‘The working class is smarter than Labour thinks’

Michael Collins on the demonisation of the white working class.

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The vote for Brexit was met with a vast outpouring of class hatred. Countless supposedly left-wing commentators bashed the apparently uneducated, stupid, Little Englander masses. Liberal op-eds declared that reason and rationality had fallen to the mob. In the past few years, those who consider themselves progressive have concentrated on identitarian questions like race and gender, to the almost total exclusion of any substantive discussion about class. But class has not gone away, and it continues to colour our attitudes and behaviour.

Michael Collins is a writer and documentary presenter. In 2004, provoked in part by the demonisation of the white working class, he authored The Likes of Us: A Biography of the White Working Class, which drew on his own experiences of growing up in working-class London. It won the Orwell Prize the following year, and was made into a Channel 4 Documentary which Collins wrote and presented. spiked caught up with him to find out if the themes of his book still ring true today.

spiked: What, if anything, do you think has changed since you wrote your book?

Michael Collins: The demonisation of the white working class has increased. It had been used as a derogatory term for a long time, but it seemed to get worse after Brexit. Previously, it was shorthand for people who were supposedly racist and reactionary. After Brexit, it became shorthand for people who were illiterate, ill-educated and uninformed.

The influence of identity politics is evident now in that people have become much more tribal. When I wrote my book, I used the term ‘white working class’ because it seemed a starting point for a discussion about a group that had a much wider experience than we have been given credit for. But now the white working class has been defined tribally, in keeping with identity politics. We don’t have the status of an ethnic group, but are subjected to criticism as a tribe.

spiked: Why do you think people are still so reluctant even to discuss the white working class?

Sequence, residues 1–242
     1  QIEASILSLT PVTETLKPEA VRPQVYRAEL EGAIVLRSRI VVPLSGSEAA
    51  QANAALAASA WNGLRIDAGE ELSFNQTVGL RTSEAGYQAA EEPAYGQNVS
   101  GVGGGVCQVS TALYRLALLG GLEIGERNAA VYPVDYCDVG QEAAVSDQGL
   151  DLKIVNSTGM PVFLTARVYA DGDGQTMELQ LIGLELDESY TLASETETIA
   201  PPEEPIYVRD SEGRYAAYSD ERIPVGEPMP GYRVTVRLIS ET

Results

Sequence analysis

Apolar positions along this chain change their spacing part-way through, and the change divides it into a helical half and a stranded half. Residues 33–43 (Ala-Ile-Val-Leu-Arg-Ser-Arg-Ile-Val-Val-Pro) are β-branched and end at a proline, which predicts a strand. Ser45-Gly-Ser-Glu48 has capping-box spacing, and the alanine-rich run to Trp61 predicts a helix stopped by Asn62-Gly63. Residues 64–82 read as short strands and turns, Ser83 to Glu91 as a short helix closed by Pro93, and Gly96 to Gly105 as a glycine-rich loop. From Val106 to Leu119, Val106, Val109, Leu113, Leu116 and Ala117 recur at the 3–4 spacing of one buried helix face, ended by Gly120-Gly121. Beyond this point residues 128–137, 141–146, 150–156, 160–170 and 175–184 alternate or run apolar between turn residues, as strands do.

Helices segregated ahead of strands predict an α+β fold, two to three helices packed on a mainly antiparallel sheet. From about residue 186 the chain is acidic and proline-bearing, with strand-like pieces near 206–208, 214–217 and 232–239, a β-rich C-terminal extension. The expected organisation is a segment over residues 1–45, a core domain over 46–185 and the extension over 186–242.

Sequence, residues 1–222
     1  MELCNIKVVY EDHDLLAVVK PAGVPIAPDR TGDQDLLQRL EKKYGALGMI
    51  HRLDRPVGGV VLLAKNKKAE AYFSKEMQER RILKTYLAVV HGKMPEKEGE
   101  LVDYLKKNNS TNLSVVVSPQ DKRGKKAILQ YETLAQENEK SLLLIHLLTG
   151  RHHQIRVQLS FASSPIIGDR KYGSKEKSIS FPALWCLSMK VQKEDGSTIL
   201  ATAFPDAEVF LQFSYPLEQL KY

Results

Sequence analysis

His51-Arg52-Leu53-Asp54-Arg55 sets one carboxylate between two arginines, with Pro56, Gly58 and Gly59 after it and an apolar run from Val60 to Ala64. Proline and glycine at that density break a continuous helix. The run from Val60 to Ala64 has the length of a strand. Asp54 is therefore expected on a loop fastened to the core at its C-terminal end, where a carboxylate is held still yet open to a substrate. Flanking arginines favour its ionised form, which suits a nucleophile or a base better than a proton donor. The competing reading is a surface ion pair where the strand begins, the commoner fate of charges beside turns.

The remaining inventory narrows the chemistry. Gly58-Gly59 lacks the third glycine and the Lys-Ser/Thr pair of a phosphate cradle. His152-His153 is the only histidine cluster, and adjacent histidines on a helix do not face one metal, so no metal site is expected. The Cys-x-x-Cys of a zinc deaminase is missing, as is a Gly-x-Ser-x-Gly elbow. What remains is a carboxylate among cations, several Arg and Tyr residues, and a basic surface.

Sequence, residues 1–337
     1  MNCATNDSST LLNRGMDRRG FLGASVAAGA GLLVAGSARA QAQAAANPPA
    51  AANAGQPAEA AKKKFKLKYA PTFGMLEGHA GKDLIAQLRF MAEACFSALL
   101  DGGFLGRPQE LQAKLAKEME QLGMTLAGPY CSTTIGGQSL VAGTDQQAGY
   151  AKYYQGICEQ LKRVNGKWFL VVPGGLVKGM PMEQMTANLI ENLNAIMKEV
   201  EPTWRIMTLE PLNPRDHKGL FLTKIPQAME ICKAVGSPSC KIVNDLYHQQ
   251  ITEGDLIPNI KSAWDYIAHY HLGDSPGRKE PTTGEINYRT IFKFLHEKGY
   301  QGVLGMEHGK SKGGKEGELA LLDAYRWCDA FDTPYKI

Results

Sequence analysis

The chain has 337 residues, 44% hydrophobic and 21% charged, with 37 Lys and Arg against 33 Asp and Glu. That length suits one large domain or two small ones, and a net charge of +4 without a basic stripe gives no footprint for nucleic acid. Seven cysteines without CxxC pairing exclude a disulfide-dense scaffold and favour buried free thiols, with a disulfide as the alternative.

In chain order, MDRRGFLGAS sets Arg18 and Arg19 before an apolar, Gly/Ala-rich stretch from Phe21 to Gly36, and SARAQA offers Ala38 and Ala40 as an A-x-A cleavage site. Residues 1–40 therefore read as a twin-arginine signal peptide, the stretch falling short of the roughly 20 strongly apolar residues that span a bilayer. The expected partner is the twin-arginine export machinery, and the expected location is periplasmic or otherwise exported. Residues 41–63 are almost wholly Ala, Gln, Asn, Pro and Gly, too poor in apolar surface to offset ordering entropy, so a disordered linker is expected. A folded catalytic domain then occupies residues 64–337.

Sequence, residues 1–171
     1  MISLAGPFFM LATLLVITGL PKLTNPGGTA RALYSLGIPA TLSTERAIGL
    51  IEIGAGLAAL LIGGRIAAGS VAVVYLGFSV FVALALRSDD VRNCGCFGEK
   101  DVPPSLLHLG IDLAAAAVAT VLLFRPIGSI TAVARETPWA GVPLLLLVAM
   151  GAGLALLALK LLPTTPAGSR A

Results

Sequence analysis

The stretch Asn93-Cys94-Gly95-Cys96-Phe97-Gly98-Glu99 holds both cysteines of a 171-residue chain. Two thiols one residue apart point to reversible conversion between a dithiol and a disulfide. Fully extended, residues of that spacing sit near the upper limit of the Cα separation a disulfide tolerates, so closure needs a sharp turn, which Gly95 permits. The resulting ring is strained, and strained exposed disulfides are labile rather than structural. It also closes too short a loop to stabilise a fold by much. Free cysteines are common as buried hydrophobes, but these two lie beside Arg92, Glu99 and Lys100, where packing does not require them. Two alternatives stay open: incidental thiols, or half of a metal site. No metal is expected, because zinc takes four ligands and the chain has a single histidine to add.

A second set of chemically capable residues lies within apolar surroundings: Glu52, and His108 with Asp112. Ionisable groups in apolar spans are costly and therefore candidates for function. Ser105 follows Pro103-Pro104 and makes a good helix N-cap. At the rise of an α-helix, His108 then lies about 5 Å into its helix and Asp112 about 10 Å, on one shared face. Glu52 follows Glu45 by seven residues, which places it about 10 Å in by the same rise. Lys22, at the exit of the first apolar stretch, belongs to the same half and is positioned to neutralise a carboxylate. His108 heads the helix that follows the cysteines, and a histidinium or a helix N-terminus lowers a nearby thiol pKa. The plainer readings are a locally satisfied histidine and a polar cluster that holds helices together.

When it comes to minorities, class should have been the top of the list way back. Now it’s at the bottom of the list. But strangely it is beginning to get attention. You see that with the way the BBC has started talking in terms of class. There was a report by June Sarpong which said the BBC was neglecting the white working class. How is that a revelation? This has been around for a long time. Greg Dyke used the term ‘hideously white’ to describe the BBC. I was working there, and it was not hideously white – it was hideously white middle-class. But they never talked in those terms. They just saw the whiteness thing.

Now, the reason a lot of people don’t discuss class is that they don’t understand how things have changed, not just in the last 16 years, but in the last 30 years. When you used to talk about the working class, you would speak about groups that worked and lived in the same areas, and expected to stay in those areas forever. They were in roughly the same economic situation as their neighbours. And of course, that changed – people moved out of those places, bought homes, and had their own businesses. But for a lot of them, especially people that did not go to university, there was still an identification with that place where they started out. Culturally, there was still a connection, and they had a shared outlook and experience. Those people would probably still be considered white working class, but actually, in terms of economics and status, they were not traditionally working class or middle class.

The problem with that is that for the left, it’s almost like the working class has to stay poor to remain moral. As soon as working-class people get money and move out, or buy their own homes, or live in the suburbs, they become something else. They don’t actually become the traditional middle class, because they have not had that kind of education. But they are seen to have lost something.

spiked: People often present this idea of the white working class as a nostalgic attitude, a backward way of thinking that is to blame for things like Brexit. How does that make working-class people feel?

Collins: When they say that, they contradict themselves. They speak in terms of community when it comes to ethnic minorities. But they criticise you if you define a white working-class community. Things have changed so much, because when people talk about this, they talk largely in clichés. They are talking about a working class that existed a long, long time ago. It’s not nostalgia, it’s not a cloth-cap working class or a cockney working class. It’s just an idea of people that have a particular outlook or shared experience from where they have lived for a very long time. And that is not even entirely white working-class. If you look at a city like London, you have got people of all sorts that have had that same experience, but it’s a very London experience, and they would probably consider themselves Londoners more than anything else.